by Christian Scholz on December 27, 2008
Sandro Gaycken explains “Why Data Portection does not protect much anymore”. He wants to put a bit of criticism on data protection.
What should it protect primarily?
It might be some sort of german thing based on the Volkszählungsurteil. What was produced then by the … was the “Informational Self-Determination”.
You might adjust your behaviour wt people or institutions whom you could suspect to know something about you.
You might be careful when to tell what to whom, because you can’t know in advance who has access to it.
Information self-determination is fundamental for freedom:
- Free press
- Free Vote
- Free Opinion
As soon as you are being watched you are behaving differently.
This is the basis of freedom. Do you feel free? In order to have that you need informational Self-Determination.
How is it enforced?
1. Avoidance of surveillance:
- Volkszählung: If we don’t store data you can be sure it’s not used against you.
- Traditional, but now: no more. With terrorism and other threats right now this is no more. More and more data is gathered everywhere. Method of crimefighting has been changed, there is not as much investigation going on anymore but it’s gearing more towards prevention. But this means more surveillance, profiling and so on.
- Srong rise of large-scale, highly efficient identification surveilance
- New paradigm of preemptive crimefighting
Because of these changes more work is done regaring data protection. We cannot avoid data collection anymore so
2. Regulation of surveillance:
Lawwise Regulation of the evaluation of that data
Sufficient Knowlede by Data Protection
Data Protection aims to provide the public with sufficient knowledge about which data are known where.
So once you know who knows what about you you can again do the right choice. You are informed.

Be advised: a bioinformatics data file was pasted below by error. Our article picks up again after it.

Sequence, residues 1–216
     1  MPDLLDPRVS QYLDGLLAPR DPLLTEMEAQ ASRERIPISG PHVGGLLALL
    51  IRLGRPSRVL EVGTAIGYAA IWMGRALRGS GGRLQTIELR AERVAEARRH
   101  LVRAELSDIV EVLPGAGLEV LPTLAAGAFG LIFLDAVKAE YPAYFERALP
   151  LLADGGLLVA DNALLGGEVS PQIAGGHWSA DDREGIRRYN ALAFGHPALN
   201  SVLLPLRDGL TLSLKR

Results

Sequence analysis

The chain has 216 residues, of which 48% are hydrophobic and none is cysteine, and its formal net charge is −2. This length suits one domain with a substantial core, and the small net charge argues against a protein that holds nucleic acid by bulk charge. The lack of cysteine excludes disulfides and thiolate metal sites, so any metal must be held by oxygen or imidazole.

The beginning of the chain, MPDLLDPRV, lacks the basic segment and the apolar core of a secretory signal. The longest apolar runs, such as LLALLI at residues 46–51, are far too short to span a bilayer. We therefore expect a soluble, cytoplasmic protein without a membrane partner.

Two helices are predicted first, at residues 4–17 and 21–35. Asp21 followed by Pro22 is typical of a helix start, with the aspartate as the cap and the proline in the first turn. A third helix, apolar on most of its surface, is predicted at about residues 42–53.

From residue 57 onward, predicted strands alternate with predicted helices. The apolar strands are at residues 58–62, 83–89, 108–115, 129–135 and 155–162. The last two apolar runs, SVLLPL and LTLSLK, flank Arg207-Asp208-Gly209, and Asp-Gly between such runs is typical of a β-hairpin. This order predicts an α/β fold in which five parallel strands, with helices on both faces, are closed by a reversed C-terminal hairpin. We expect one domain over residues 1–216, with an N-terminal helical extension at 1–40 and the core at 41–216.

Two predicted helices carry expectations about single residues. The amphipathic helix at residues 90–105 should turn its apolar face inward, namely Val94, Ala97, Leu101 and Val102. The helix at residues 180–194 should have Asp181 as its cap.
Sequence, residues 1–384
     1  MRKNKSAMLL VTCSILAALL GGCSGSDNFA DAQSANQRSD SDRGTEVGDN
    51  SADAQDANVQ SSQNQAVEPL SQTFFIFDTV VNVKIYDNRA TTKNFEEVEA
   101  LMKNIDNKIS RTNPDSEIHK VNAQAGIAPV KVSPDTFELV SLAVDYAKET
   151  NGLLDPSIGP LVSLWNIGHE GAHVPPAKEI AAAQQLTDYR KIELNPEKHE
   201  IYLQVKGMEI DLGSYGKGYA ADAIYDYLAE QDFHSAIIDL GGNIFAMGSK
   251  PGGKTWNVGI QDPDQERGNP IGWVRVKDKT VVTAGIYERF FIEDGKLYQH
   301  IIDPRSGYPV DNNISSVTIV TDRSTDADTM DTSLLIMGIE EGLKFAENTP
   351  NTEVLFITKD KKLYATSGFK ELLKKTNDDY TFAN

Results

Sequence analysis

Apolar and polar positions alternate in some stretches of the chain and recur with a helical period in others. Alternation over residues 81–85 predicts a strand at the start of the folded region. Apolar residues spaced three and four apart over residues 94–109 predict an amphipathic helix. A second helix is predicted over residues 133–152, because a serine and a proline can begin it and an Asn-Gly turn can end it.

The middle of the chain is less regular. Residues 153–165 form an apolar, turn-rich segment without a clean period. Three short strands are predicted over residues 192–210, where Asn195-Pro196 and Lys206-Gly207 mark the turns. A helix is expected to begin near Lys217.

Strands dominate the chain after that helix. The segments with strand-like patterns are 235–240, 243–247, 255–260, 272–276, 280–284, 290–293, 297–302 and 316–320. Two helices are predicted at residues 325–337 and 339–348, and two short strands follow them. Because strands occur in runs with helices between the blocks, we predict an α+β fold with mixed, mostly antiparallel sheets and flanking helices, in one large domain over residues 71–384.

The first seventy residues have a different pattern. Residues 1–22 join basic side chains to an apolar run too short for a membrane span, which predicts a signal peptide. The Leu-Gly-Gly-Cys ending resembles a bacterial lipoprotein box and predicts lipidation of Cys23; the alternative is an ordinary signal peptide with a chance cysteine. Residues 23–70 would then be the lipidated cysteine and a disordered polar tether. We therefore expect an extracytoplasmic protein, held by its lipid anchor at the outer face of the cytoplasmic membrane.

But is it doing that right now? Sandro says “No”. You are not informed.
- What is “sufficient knowledge” to decide freely and self-determined?
- What is decision-making psychologically?
- Does data protection provide sufficient knowledge?
First some categorization…
There are two kinds of knowledge-based decisions:
The good kind: Deciding with certainty
- Everything is definite
- Everything is known
- Consequences can be entirely forseen
The bad kind: Deciding with uncertainty.
- not Everything is definite
- notEverything is known
- Consequences can not be entirely forseen
How to calculate your odds for uncertain decisions?
Back in the old days: Rational of course!
Rational choice theory, game theory, maximin-models, …
But: criticism started in the 50ies!
Actual humans in complex situations are neither willing nor able to calculate all the time.
They use shortcut-strategies
Tversky & Kahnemann 1974/2005:
You judge a situation coarsly by using your everyday knowledge
depth of your investigation depends on how relevant it is for you, but usually:
You don’t bother for the most complete and correct information possible
Mostly, you even can’t bother at all
Exception: Some hackers :-)
Uncertain decisions are not only based on a reduced number of hear-say facts, they are also psychologically biased!
Bias #1: You love your own values! So:
You tend to memorize things in support of your own values. So your hear-say knowledge is biased from the beginning.
What you choose as relevant facts depends a lot on what you want to be relevant facts.
“Public” opinion of your own group is very influential: you don’t want to stand outside.
Bias #2: Further charateristic effects
Anchor-Effect: Very colorful or very recent facts are more present than others
Familiarity-Effect: Frequently heard facts appear to be more true and more frequent than others (e.g. all the terrorism news stories etc. By repeating it you get the impression that this is happening all the time.)
Representativeness-Effect: People are judged by the stereotype they are taken to represent. (e.g. people from a particular party or if they are lawyers. You already put a stereotype on them but don’t check their individual profiles)